• It is arbitrary
    We can also see that, removed from its theological underpinning which places humankind at the center of God's creation, this prohibition against killing is subjectively drawn at the species boundary. It is as arbitrary as that based on the membership of a certain race. Which is to say that it is as capricious as the Nazi idea that only Aryans (and not Jews or Gypsies etc) have the right to life. This puts paid to the theologically, and emotionally, loaded (but logically vacuous) concept of the "sanctity of human life" - which makes as much sense as "the sanctity of Aryan life" - as opposed to all other forms of life. This point bears repeating, as Peter Singer succinctly puts it:

    [W]hether a being is not a member of our species is, in itself no more relevant to the wrongness of killing it than whether it is or is not a member of our race. The belief that mere membership of our species, irrespective of other characteristics, makes a great difference to the wrongness of killing a being is a legacy of religious doctrines that even those opposed to abortion hesitate to bring into the debate. [6]

Thus we find that the first premise, that it is wrong to kill an innocent human being, is flawed if human being is defined purely as a member of the species homo sapiens; since there are cases where it is considered acceptable to end the lives of some - thus defined - human beings .

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When is Taking a Life Considered Murder?

Murder is wrong, but when is the taking of a life actually murder? Certainly we do not consider, say, taking the life of a rabbit (while regrettable) as murder. What are the qualities of a living thing that enables us to separate, in a moral sense, the taking of a life that is not murder (e.g. withholding life-saving treatment for anencephalic babies, shutting down the life support of the clinically dead) and one that is considered murder (e.g. a Christian fundamentalist bombing an abortion clinic - killing nurses and doctors - for the love of Yahweh, or a suicide bomber blowing himself or herself in a busy discotheque in Tel Aviv killing dozens for the love of Allah)?

As a starting point of our analysis, we can review various ethical principles to see why murder is considered wrong: [7]

  • Classical Utilitarianism
    Classical utilitarianism is an ethical principle first introduced by Jeremy Bentham (1748-1832) which states that the right action is one which allows for a net increase of happiness (or pleasure) or a net decrease of unhappiness (or pain), while the wrong action is one which allows for a net decrease of happiness (or pleasure) or a net increase of unhappiness (or pain). Classical utilitarianism provides our first reason against murder.

    Using classical utilitarianism, it can be argued that if I have conception of myself as an entity with both a past and a future to enjoy my life in, then knowing that anyone can cut short my life with impunity would certainly bring a great deal of anxiety to me. However knowing that people like myself are rarely killed for no reason, I worry less. Thus the indirect consequence of seeing murder of a person as wrong is that it leads to less anxiety (hence less pain or unhappiness) for all self-conscious persons.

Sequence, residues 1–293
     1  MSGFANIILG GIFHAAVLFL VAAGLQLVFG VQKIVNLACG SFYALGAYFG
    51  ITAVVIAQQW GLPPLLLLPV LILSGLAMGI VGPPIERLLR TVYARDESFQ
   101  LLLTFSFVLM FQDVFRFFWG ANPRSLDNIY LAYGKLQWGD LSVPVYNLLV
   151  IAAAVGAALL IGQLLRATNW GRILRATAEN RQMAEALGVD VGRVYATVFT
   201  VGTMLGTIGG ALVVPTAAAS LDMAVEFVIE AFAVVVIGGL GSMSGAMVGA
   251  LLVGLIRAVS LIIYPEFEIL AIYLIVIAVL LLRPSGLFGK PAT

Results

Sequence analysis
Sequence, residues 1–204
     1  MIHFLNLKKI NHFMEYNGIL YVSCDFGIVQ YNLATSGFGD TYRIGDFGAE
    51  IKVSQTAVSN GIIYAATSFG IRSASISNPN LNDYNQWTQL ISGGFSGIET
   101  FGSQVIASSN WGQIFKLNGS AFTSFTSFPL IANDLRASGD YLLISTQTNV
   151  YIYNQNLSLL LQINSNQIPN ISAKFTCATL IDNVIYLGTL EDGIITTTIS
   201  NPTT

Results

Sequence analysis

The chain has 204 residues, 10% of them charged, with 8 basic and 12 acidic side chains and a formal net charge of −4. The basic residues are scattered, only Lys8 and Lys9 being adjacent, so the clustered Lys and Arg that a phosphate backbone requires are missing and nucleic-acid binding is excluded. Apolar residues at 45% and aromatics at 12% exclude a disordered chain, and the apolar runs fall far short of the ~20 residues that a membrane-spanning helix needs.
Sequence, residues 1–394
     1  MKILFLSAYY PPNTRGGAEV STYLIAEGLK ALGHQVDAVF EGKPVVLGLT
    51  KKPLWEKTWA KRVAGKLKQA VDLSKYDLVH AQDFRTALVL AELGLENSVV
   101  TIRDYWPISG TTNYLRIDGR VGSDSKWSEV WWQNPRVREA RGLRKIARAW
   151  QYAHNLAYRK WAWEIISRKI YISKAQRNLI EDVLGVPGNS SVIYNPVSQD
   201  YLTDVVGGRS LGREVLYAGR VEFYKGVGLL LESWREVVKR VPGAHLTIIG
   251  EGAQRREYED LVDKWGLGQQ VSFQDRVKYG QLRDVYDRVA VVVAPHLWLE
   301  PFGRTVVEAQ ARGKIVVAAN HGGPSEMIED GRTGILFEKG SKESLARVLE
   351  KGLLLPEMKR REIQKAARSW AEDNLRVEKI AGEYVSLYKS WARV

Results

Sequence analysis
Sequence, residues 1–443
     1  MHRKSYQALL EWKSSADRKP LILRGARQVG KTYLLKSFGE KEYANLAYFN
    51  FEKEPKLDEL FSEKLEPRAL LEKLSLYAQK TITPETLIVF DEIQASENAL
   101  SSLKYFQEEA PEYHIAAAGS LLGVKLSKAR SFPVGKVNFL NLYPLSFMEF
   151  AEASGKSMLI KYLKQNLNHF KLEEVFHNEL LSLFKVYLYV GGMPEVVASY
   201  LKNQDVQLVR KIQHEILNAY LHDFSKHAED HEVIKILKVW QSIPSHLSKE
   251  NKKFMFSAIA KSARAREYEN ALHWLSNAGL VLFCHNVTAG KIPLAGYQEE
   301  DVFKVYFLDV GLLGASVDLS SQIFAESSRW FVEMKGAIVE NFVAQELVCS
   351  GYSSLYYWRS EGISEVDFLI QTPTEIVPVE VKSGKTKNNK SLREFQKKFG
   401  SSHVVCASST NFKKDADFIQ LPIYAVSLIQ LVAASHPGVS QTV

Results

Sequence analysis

It is important to note here that the argument above is premised upon the idea of a person with a strong sense of self existing through time. It does not apply to non-sentient living things.

  • Preference Utilitarianism
    Another form of utilitarianism, known as preference utilitarianism, judges actions not by the amount of happiness or unhappiness that results but to the extent that the actions, or its consequences, are in harmony with the preferences of the persons who are affected. According to this ethical principle, any action which is not in accord with the interests or preferences of the affected party, with the possible exception that it may be outweighed by other preferences, is wrong.

    Thus to take the life of any being who, at the moment, has the capacity to prefer to continue living, is wrong. Taking the life of a person who not only has the capacity to prefer to continue living but whose preferences are mainly future oriented, violates almost all significant preferences that person could have.

  • Argument from Individual Rights
    This argument was first suggested by American philosopher Michael Tooley in his identically named article (published in 1972) and book (1983) Abortion and Infanticide. According to Tooley, an individual's right to something that is owned is predicated on the desire to continue possessing it. Thus if I leave a pen in a public place and do not care who picks it up, then I have abdicated my right to it. Anyone can pick up the pen and use it. However if anyone were to remove my pen from my briefcase, when I still want it, that would constitute stealing - depriving me of my right to the continued ownership of the pen.

    A person, therefore, has a right to life if he or she desires to continue existing. Thus taking away the life of someone who wants to continue to live, is wrong. Indeed since the ownership of life is a basic pre-requisite to own other things (and hence the basis of other rights), taking away such a life is the most serious breach of an individual's right there is.

    Formulated in this way, note that, as a minimum the person has to have the capacity to desire to own or possess something. It would be meaningless to speak of rights in this context when there is no capacity to desire ownership.

  • Kant's Argument from Personal Autonomy